- Population contains individuals that are chromosomes.
- The population always consists of 30-100 individuals; if the numbers of individuals are less than 30 individuals then it is called MicroGA
- Each solution to an optimization problem is encoded as a finite-length string.

Steps of GA Design

- There are many types of solution representations.
- The basic representations of parameters are the binary coding and the permutation coding.
- Binary Coding
- It consists of binary digit “0” and “1”
- Each bit in a string represents the characteristics of a solution.
- The whole string represents the meaning of solution.
- The decision variables in the parameter set are encoded to be the binary string by using the gray code method or hamming code method.

Steps of GA Design

- Permutation coding
- It is used for sequencing problems
- such as scheduling problems and traveling salesman problems where the permutation string consists of number “1” to “n”.
- Each numeral corresponds to a job in scheduling problems or a city in traveling salesman problems and “n” is the number of jobs or cities.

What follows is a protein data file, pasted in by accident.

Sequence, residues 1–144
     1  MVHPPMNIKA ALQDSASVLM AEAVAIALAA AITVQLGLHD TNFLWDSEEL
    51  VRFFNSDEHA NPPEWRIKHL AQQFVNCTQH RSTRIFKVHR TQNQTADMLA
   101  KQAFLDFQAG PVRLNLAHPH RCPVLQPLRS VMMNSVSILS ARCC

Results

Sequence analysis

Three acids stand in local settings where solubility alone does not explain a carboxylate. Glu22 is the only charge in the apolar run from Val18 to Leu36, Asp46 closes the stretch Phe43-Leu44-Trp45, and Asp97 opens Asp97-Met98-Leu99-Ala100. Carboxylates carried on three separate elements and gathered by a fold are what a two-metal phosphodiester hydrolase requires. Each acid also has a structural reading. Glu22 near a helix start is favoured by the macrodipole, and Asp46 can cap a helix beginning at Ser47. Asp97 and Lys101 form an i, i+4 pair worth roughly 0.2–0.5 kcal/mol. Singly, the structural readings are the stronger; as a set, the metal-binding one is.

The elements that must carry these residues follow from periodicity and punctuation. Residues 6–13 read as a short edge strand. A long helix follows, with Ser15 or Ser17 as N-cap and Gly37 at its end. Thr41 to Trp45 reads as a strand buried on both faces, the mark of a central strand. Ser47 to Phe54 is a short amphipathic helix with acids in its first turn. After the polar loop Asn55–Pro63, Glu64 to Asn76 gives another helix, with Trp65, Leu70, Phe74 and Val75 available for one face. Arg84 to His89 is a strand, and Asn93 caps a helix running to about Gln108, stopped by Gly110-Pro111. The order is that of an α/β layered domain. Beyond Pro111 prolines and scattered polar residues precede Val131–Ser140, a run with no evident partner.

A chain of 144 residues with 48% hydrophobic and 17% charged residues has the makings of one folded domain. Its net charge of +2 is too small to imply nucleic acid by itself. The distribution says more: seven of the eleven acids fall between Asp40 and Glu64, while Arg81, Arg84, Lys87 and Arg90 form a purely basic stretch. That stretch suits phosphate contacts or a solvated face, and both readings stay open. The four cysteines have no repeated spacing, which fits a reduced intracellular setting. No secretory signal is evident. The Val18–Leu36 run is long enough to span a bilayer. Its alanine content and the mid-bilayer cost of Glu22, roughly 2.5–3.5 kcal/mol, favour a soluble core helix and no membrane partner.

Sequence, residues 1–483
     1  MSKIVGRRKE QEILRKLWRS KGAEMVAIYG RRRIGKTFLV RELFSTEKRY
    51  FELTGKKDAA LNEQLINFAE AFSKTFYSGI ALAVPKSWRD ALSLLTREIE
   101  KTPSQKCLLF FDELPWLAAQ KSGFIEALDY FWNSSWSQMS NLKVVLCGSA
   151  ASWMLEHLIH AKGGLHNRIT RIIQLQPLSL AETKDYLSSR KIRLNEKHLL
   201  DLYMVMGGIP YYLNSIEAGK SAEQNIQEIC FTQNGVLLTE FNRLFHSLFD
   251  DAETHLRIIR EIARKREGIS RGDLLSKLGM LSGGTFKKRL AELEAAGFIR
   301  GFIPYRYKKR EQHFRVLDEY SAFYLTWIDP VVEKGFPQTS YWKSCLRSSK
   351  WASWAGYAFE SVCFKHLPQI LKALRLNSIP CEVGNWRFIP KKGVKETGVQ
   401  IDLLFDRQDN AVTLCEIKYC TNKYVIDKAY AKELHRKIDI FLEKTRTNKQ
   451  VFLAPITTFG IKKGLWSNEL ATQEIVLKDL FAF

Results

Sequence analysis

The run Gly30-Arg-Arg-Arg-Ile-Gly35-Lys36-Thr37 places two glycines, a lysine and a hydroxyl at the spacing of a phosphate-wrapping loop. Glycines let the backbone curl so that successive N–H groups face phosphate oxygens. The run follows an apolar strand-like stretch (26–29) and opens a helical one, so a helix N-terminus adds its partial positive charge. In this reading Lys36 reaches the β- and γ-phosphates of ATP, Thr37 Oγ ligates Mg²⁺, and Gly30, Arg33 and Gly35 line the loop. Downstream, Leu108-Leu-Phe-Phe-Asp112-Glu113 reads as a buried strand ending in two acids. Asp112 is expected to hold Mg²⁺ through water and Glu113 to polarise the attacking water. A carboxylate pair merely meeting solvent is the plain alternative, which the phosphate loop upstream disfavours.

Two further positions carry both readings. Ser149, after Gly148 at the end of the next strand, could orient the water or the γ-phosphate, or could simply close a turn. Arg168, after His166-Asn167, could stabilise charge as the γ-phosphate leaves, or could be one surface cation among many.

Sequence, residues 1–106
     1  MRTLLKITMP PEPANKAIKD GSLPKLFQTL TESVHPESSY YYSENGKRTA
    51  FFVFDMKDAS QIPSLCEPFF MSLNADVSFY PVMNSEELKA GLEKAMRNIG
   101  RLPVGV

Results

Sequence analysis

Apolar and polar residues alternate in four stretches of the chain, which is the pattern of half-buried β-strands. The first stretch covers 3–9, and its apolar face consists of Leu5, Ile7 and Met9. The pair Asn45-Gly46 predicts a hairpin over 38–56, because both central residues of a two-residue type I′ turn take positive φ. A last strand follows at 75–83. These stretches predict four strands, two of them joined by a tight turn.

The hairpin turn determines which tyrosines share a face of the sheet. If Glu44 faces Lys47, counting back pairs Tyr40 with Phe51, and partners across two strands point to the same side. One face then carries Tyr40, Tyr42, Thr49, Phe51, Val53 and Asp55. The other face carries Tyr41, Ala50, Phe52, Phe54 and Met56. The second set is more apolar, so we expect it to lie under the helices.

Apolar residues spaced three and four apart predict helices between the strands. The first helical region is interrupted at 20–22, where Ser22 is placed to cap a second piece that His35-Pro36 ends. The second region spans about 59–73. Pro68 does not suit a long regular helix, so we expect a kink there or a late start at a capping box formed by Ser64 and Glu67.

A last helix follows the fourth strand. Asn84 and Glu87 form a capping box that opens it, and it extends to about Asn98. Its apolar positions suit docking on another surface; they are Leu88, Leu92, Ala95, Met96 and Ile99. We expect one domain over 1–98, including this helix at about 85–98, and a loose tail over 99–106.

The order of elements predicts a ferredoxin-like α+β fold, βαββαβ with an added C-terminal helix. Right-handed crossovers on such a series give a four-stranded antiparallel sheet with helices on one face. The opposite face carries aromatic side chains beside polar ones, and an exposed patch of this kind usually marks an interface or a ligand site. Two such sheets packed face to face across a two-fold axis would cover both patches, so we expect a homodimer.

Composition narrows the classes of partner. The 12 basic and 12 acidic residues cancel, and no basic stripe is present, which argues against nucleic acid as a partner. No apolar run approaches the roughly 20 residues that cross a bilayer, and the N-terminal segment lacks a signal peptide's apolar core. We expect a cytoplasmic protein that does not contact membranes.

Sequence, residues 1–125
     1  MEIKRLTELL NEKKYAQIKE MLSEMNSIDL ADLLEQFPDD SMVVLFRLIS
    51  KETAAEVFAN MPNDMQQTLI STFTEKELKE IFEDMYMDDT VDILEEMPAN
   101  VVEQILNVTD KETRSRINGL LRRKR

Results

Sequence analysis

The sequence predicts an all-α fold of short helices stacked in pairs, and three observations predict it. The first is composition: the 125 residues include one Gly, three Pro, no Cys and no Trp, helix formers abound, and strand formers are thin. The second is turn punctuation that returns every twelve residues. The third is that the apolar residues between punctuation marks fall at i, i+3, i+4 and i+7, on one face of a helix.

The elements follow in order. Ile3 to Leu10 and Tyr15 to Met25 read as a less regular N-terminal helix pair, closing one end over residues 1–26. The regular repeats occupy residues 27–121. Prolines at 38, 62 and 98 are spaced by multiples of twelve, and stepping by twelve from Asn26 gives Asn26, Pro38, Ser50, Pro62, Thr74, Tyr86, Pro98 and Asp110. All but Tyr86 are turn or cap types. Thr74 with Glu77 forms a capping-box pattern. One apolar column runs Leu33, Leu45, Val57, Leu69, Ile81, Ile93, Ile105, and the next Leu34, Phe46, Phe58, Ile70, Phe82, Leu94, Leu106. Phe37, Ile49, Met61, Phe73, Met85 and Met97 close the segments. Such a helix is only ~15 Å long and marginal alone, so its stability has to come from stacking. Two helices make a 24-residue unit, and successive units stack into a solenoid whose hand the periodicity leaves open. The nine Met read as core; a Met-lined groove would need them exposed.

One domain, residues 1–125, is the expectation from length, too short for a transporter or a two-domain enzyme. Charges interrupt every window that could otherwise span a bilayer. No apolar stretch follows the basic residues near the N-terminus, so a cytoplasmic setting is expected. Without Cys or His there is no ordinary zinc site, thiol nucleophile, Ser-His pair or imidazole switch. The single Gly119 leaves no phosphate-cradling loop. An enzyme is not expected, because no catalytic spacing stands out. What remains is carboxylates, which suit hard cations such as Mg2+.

Permutation representation: TSP

- Problem:
- Given n cities
- Find a complete tour with minimal length
- Encoding:
- Label the cities 1, 2, … , n
- One complete tour is one permutation (e.g. for n =4 [1,2,3,4], [3,4,2,1] are OK)
- Search space is BIG:

for 30 cities there are 30! 1032 possible tours

Steps of GA Design

- There is a problem when using the binary code
- the binary representation: obscures the nature of the search, but there are many strategies for encoding.
- The real value of parameters, representation needs not to decode chromosomes to the phenotype, which is fast and uses less memory.
- An integer representation is easier than the binary code, because it can look-up tables for decoding the representation.

The binary string is called a genotype, consisting of “0” and “1”.

- The solution is decoded from the binary string called a phenotype.
- GA searches the binary strings from the genotype.
- After the algorithm converges the genotype is decoded.

Steps of GA Design

- Objective and fitness function
- An objective function is used to measure each individual in the population for measuring the suitability in the problem domain.
- For a minimization problem, the individual that makes the objective function to be the lowest value; it is fit for this problem.
- The individual that makes the objective function to be the highest value; it is fit for a maximization problem.